Creating a philanthropic culture and citizenry in China : child and youth philanthropy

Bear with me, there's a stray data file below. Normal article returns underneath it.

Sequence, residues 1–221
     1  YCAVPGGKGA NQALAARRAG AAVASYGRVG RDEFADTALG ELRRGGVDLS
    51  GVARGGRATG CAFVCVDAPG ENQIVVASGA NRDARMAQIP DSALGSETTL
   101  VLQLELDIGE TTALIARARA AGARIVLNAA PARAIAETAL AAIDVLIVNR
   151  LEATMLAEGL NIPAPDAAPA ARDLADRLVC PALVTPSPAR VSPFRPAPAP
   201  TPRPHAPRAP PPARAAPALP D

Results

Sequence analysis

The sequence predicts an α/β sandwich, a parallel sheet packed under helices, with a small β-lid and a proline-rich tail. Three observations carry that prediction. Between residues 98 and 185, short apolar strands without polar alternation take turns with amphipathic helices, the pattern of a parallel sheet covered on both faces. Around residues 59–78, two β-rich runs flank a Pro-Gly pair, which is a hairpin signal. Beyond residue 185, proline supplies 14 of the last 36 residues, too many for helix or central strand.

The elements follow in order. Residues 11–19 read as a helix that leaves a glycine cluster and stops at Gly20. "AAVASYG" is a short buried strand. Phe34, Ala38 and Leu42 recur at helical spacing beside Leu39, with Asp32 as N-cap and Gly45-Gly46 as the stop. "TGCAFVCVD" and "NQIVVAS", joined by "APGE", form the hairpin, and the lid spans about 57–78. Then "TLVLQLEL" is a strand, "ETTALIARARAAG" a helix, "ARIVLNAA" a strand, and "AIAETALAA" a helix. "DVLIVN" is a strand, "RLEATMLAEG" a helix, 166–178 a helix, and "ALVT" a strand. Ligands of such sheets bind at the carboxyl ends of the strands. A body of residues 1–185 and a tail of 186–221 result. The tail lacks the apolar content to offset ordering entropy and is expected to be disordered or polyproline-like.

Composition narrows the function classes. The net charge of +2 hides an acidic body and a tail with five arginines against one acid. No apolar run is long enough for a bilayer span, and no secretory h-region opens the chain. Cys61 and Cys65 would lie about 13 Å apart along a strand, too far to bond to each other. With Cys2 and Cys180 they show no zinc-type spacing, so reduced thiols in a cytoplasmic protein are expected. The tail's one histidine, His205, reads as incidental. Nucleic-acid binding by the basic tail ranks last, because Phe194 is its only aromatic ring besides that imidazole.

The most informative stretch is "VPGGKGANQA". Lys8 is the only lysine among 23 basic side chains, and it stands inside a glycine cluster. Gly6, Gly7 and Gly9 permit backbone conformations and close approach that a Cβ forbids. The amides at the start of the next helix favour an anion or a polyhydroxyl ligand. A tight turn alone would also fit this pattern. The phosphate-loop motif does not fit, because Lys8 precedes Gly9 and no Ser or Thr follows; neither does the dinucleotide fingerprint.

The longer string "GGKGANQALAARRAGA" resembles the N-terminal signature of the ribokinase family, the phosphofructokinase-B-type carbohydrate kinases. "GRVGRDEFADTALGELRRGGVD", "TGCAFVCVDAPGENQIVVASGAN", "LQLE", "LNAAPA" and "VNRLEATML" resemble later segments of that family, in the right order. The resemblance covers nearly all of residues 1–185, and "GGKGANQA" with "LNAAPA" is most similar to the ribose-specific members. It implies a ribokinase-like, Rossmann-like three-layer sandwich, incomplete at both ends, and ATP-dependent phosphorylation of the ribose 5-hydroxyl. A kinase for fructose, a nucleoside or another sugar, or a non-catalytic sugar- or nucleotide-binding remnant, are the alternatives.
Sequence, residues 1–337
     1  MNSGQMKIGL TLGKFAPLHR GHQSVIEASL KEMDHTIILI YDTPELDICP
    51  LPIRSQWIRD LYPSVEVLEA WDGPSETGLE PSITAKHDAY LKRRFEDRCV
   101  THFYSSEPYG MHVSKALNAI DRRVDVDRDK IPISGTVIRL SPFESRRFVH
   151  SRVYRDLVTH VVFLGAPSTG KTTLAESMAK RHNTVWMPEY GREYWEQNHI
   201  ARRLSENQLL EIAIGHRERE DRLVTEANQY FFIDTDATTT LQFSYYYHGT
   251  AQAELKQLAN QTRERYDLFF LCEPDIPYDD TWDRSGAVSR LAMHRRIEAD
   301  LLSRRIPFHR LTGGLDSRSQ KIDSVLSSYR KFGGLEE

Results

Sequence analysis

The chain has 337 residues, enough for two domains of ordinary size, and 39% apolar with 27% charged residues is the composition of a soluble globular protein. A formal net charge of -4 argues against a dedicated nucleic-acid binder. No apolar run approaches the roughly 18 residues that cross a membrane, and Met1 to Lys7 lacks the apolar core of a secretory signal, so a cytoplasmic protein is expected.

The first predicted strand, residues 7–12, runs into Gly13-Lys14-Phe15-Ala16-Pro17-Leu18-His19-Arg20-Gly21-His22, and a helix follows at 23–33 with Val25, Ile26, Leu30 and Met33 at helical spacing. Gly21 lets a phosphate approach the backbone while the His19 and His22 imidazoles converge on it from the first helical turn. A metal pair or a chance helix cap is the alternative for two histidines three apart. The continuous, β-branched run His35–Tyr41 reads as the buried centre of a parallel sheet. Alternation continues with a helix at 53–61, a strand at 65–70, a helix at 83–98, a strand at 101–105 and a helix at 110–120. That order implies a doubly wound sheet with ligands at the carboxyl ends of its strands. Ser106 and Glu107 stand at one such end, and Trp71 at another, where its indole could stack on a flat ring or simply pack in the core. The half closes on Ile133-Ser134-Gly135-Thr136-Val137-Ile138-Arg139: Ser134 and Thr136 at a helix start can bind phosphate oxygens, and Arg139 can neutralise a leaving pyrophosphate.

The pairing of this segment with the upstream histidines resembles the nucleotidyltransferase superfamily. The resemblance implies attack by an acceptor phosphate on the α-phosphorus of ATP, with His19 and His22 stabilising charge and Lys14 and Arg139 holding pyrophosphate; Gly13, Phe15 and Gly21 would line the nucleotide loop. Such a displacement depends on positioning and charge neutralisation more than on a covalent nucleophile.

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This thesis looks at efforts to create a philanthropic culture and citizenry in the People’s Republic of China (PRC) with a focus on education about philanthropy for young people. In this study philanthropy is defined as ‘the planned and structured giving of money, time, information, goods and services, and voice and influence, to improve the wellbeing of humanity and the community’ (‘Philanthropy’ n.d.). Efforts to teach children and youth about philanthropy are significant because of the relative newness of philanthropy as a concept in the PRC. Following the PRC’s founding in 1949 and the establishment of a socialist society, older forms of organized charity were eliminated from everyday life. Government-organized charities were established in the 1990s, but the Chinese government has only given policy support for the development of a domestic non-profit sector since the 1990s, and especially since the 2000s. The thesis begins by addressing the subject of philanthropy more broadly: What kinds of legal frameworks and institutions have government authorities put in place to promote the development of philanthropy in China? How have other actors and agencies been encouraged to engage in and promote that development? It then focuses on the subject of philanthropy education: What forms of philanthropic education have been developed for young people in the PRC? What particular capacities are Chinese children and youth expected to develop as a result of coming into contact with such education? These questions are addressed through a discursive examination of government documents on education and philanthropy and government-led campaigns to promote philanthropy and volunteering. The thesis also examines different media designed to popularize philanthropy. These include: two school textbooks on philanthropy developed with public and private funding; a national public service campaign aimed at teaching children how to be contemporary philanthropic citizens through a re-vitalization of the exemplary character Lei Feng, who was a socialist-era role model; and programming with philanthropy-related content on central and provincial television. The study reveals that philanthropy education in present-day China combines elements of neoliberal governmental rationalities with Chinese cultural forms, especially reconstituted concepts of ‘traditional Chinese virtues’ and ‘socialist’ imagery, ideals and practices. It is focused on the shaping and production of young Chinese people as simultaneously ‘Chinese’, socialist and international philanthropic citizens.
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